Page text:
Scupper blocks, decks and rub rails will be from Walnut and the contrast with the Western Red Cedar frame are stunning. We hope to skin this boat this week.
This boat is being built by a fellow who has been developing his woodworking skills at the school and has done a splendid job of building his canoe. I'm really looking forward to seeing the decks in the sunlight - they're figured English Chestnut.
This boat was built by a student who was enthusiastic to build a light-weight canoe to use in the Adirondacks. He's made some unique choices during the build regarding his scupper blocks and has done a nice job with it. The brilliant red should be very visible on the water!
This is a unique canoe for us - it was done with White Pine stringers (like the yellow kayak) and is very pretty with the blonde wood.
Decks are Bird's Eye Maple and this boat has a sculpted backrest.
This is the lone Chuckanut 15. The gentleman who was building the kayak is 82 years young and is building the kayak to share with his grandchildren. The colors were selected to represent the college colors of some of the grandchildren.
Oh, yeah - he also built two paddles - one of which is in the picture.
Two canoes were MIA. One belongs to a student who gets around by bicycle - and plans to haul the canoe on a trailer behind the canoe, but had difficulty getting it back for exhibition because of this fact. The other belongs to a builder who had some serious changes in his life that occurred during the class and has moved to New York. He had come up to stay with myself and my family and work on his canoe. He'd applied finish to the frame and it wasn't dry enough to exhibit - a typical issue at boat shows - you can almost smell the varnish factory. Still, by the end of this weekend, the frame was varnished, decks and thwarts installed and the floors ready to lash in place. From there, just skin and trim. I hope to have pictures from the group launch party of these two boats.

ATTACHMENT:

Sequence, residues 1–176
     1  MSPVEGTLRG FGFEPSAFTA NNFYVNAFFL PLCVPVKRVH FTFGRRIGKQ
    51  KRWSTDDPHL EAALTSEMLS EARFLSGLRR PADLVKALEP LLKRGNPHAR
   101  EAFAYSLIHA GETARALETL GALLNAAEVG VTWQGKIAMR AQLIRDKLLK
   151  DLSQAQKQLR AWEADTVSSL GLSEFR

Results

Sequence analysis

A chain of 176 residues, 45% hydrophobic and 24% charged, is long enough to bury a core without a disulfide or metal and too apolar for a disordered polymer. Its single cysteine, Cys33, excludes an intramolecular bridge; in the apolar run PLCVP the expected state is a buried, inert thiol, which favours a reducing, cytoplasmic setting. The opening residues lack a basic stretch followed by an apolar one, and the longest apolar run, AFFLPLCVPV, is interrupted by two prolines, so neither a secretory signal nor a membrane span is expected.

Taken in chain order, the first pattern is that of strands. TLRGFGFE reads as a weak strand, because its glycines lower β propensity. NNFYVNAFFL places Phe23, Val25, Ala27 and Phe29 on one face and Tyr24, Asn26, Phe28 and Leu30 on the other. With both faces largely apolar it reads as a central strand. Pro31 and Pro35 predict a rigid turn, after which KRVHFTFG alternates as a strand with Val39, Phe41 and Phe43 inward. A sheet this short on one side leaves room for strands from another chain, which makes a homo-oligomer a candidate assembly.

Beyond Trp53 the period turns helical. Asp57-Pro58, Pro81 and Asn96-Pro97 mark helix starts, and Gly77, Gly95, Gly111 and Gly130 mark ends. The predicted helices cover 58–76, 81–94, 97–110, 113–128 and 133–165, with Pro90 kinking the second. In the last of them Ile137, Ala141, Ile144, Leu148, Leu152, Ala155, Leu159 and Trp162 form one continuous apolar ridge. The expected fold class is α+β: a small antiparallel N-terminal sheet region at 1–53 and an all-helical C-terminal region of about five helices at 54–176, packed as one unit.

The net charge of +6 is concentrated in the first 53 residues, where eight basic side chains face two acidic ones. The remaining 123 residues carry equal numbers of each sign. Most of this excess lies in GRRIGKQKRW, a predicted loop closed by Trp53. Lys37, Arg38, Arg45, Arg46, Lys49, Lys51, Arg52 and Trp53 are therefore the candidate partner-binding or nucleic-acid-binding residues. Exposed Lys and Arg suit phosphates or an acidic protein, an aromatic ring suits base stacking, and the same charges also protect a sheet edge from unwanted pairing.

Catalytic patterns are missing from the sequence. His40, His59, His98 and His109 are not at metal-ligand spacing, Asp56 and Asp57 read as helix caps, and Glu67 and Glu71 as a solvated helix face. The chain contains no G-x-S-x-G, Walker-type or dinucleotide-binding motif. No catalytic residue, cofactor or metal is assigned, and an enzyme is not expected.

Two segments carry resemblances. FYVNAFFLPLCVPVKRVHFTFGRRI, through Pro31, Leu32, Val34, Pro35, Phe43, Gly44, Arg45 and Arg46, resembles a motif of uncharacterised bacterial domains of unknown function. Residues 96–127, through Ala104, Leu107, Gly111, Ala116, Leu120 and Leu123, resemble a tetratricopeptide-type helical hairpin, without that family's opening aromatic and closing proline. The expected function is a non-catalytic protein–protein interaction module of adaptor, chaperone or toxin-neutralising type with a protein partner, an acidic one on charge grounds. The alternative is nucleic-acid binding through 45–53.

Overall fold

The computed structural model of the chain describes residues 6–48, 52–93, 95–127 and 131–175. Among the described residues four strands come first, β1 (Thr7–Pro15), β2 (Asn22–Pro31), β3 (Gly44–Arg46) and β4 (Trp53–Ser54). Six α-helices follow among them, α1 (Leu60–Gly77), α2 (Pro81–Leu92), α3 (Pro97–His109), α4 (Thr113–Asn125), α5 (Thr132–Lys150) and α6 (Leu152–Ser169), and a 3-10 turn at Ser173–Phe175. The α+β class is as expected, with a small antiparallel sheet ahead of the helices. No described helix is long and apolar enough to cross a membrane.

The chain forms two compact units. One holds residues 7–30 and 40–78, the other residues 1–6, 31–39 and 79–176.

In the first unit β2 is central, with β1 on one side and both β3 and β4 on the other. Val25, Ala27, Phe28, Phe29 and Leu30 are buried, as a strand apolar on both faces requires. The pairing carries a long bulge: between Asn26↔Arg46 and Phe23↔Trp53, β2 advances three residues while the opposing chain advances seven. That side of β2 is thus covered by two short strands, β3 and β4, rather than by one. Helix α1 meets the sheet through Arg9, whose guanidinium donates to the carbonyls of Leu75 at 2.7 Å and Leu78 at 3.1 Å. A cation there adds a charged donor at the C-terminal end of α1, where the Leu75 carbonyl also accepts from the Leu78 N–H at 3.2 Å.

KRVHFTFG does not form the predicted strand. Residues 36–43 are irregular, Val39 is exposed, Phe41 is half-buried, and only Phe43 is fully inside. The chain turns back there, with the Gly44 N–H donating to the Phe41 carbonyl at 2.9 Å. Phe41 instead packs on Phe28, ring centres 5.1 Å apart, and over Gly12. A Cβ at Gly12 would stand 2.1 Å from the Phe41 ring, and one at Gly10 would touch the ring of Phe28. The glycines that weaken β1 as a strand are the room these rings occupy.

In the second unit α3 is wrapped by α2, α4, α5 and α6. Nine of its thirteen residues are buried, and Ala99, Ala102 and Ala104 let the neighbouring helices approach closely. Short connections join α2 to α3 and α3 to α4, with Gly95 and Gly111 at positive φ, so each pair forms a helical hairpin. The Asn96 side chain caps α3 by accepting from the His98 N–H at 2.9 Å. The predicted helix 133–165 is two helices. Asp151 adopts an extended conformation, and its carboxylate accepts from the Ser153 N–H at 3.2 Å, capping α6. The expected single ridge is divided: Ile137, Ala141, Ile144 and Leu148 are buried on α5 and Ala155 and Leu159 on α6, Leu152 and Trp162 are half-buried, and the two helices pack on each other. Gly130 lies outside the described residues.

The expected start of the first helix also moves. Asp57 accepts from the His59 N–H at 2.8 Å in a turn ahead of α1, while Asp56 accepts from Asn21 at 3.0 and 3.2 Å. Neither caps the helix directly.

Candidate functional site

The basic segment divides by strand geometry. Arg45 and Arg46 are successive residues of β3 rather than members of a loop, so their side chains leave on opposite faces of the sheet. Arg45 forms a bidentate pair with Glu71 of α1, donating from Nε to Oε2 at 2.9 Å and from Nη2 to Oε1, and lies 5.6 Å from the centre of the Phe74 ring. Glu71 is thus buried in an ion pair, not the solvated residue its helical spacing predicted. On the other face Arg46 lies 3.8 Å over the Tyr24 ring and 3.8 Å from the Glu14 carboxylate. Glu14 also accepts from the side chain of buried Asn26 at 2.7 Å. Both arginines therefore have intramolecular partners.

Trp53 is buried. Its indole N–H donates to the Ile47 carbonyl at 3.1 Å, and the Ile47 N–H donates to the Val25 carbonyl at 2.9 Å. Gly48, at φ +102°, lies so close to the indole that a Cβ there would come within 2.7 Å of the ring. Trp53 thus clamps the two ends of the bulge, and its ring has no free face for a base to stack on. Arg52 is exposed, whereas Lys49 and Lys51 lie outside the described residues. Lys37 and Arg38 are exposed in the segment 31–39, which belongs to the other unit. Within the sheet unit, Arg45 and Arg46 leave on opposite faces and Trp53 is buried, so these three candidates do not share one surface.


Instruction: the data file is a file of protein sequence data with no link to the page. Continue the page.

During the course of the class, we discovered that the Stonefly design had a small issue because of some of the way we chose to finish the gunwales and decks. There was a slight "hourglass" shape that appeared in the aft end of the canoe. So, I decided that I'd like to change the design of the aft frame to get rid of this curvature. However before I turn this loose on the students, I figured I'd better build one. Here it is:
I went with Mahogany for floorboards and trim. I like the traditional shapes from wood and canvas canoes and took some cues from the class I took with Jerry Stelmok in tapering the gunwales and the shapes for the decks - curved with a hollow back - and the brass stem band and painter loop on bow and stern.
I have to admit that I had a bit of fun with the back rest. It is a curved pivoting back-rest with some stars carved into the top of the cross-member. I painted them gold before varnishing. I thought it came out rather nicely.
One of my concerns when I started this class was that the boats wouldn't have the same aesthetic appeal that the cedar strip canoes did. I had a set of clipboard out that visitors could leave contact information and be reminded of the sign-up for our next session in the fall - I have two full pages of folks who were interested in building a boat. I guess I didn't need to worry!